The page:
DFSMS Striping was first introduced in 1993 and it was a success. Striping has served a dual purpose. The first purpose was to avoid hot spots on individual disks, and the second purpose was to increase sequential throughput for individual data streams. Since 1993, alternative techniques have been developed to avoid or dissipate a “hot spot” . Some examples:
RAID 5 helping to spread the I/O for each volume to 7 or 8 disk
Storage Pool Striping in the DS8000 control unit to spreads volume across multiple RAID ranks in chunks of 1GB.
Consequently, DFSMS striping is perhaps not needed or is not the best technique for avoiding hot spots.
IBM DB2 for z/OS Development used to recommend striping because parallelism helped over slow channels, but channel speed is now so high that the disadvantage of doing more I/Os tends to outweigh any advantage of parallelism.
Just because one particular workload might benefit from log striping, does not mean that no workloads will suffer.
DB2 uses various data transfer sizes. In all current versions of DB2, dynamic prefetch reads at least 128K, but DB2 utilities read or write at least 256K. Depending on the buffer pool size, sequential prefetch may read up to 256K and utilities may read and write up to 512K. However, if a DB2 query or Insert stream or utility is CPU bound, then striping will not make it faster. This is a common situation, except when creating or restoring image copies are concerned.
Striping also will not help if any of the components in the data paths are saturated. These paths consist of channels, host adapters, and the bus in each control unit. Take for example the DB2 RECOVER utility. When you want to recover an individual table space, the paths are not saturated and striping will reduce the time to restore the table space. However, if you want to recover the entire system, there will be many parallel RECOVER jobs which will use parallelism, and the paths may get saturated, in which case striping may well not reduce the time to restore the system.
A category of I/O that can possibly benefit from striping is list prefetch. Log apply makes extensive use of list prefetch. If a table space is striped across a single RAID rank, list prefetch may possibly improve modestly if the devices consist of HDDs , and may show more improvement if the devices consist of SSDs. Heavy parallelism tends to reduce the striping benefits with HDDs, but striping continues to do well with SSDs under heavy amounts of parallelism.
To summarize the value of striping for table spaces, the most benefit may occur with list prefetch when using SSDs, and the applications that benefit the most will likely be long running queries and utilities. Striping may help with RECOVER: restore from image copies, and to then apply log records. However, everyday workloads will not necessarily get any benefit from striping.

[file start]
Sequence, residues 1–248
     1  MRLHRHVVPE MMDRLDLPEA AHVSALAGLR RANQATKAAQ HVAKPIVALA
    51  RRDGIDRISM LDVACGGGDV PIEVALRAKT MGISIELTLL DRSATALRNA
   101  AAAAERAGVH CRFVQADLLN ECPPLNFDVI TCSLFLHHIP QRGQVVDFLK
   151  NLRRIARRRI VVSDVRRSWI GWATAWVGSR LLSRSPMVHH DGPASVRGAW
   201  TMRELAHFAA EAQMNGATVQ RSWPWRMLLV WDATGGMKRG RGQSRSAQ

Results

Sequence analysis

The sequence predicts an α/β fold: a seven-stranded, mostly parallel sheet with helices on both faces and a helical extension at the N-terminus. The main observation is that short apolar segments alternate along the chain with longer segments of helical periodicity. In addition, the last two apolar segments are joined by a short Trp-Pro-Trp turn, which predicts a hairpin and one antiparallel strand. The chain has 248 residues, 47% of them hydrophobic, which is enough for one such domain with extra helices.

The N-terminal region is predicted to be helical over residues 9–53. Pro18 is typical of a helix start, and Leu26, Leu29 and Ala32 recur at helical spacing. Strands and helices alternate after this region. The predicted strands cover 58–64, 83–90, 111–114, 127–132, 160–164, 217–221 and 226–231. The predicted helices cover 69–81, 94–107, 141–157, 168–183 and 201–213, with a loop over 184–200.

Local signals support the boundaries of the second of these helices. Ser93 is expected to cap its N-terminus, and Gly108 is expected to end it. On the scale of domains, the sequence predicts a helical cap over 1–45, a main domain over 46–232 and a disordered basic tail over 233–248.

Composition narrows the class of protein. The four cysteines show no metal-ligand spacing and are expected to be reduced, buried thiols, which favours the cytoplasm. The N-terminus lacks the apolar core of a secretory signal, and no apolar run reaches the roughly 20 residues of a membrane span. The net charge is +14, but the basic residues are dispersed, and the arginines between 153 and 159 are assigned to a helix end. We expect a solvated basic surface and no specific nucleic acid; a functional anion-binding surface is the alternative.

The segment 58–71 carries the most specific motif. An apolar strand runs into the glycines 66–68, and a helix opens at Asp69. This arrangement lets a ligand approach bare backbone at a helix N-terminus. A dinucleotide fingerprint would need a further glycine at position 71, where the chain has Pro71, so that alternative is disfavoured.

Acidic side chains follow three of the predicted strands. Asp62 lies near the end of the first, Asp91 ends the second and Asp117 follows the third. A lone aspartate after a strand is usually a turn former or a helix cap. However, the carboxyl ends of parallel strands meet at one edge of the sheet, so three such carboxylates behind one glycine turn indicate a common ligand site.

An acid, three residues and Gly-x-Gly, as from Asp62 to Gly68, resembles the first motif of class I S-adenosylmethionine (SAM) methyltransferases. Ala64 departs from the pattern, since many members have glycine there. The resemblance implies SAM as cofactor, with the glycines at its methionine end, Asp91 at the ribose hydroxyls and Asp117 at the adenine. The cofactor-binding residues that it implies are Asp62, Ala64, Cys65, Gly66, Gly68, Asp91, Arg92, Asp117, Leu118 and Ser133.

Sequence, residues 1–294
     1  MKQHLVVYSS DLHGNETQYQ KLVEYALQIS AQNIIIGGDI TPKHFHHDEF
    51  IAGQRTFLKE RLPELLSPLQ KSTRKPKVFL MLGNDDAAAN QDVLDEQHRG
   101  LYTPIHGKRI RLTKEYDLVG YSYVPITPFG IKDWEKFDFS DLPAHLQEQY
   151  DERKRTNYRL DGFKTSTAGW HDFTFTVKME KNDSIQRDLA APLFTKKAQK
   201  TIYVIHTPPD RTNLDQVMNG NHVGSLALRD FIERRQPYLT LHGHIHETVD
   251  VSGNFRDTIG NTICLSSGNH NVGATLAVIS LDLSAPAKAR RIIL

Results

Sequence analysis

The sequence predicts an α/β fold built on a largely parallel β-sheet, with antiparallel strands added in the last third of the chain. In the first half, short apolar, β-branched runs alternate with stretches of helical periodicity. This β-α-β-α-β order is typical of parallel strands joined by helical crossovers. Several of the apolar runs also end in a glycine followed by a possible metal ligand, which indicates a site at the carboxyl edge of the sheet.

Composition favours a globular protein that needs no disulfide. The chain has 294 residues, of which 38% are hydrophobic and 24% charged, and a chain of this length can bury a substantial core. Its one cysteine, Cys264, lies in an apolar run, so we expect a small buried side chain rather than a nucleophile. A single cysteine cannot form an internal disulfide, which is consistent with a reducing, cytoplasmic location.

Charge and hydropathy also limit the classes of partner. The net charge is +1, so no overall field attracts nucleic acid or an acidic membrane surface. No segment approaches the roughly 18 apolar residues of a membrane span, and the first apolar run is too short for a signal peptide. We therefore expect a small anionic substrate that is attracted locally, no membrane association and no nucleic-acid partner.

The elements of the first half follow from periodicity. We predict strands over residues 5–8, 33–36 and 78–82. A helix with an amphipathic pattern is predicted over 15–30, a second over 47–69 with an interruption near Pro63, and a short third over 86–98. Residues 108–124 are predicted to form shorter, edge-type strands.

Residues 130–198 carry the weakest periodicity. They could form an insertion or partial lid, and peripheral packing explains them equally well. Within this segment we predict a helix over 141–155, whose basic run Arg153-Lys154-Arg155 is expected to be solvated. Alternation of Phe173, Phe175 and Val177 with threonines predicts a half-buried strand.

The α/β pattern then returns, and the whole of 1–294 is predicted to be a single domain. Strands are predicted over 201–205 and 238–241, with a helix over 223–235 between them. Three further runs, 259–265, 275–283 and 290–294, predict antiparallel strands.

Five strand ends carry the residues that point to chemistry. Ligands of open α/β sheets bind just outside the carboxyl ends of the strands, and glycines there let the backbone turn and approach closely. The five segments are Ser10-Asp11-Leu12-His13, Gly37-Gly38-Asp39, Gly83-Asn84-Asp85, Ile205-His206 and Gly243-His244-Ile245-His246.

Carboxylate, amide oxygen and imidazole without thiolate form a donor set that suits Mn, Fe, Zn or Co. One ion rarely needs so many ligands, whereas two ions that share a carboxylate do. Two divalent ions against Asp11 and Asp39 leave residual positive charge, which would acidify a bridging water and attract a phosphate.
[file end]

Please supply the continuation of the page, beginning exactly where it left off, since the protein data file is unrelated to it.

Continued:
During normal OLTP operations, DB2 active logs are written, and are read only to archive the log records and for software replication. Most log writes are synchronous I/Os and each I/O consists of a small number of 4K pages. Faster channels has increased log bandwidth. However, most OLTP workloads never push the log throughput beyond 10 MB/sec. I/O response times for online transactions gradually degrade when log buffers queue up waiting for the previous I/O to complete.
As technology has evolved, many customers have used remote DASD replication to protect themselves against disasters. Remote replication is often the cause of I/O performance problems. Since all log writes caused by OLTP are synchronous, log I/O is very susceptible to problems caused by remote DASD replication. Each I/O introduces a risk of another delay, and since striping causes more I/Os, striping increases the risk of a delay. Remote replication is not the only thing that causes stress on a control unit, but it is one of the biggest causes.
Striping the active log may help the performance of active log reads as from DB2 9 as the I/O quantity for active log reads was increased from 12 pages to 120 pages. However, given 4 Gbps and faster links, the risks of striping the active logs will likely outweigh the risks - see below.
DFSMS striping of the DB2 active log is no longer a tuning option that DB2 for z/OS Development is actively testing and recommending. There have been 'hole in the recovery log stream' issues with the use of striping with DB2 10 for z/OS in failure scenarios involving albeit in a tiny number of customers. The problem is that there is no encapsulation of a striped I/O i.e, some stripes make it and some may not when there are failures. DFSMS striping has always worked that way. So we in DB2 for z/OS Development are now actively discouraging customers from using striping when the benefits are speculative at best. For customers who are already striping active log datasets there is performance risk in removing striping, but on the otherhand the chance of hitting above problem is very rare. But nevertheless there is risk. There is also risk in using striping with table spaces with large page size i.e., torned page as not all the stripes made it
As has been true in the past, hardware technology is forever changing and the value of DFSMS striping will probably continue to erode. Just because one particular workload may possibly benefit, does not mean that no workloads will suffer.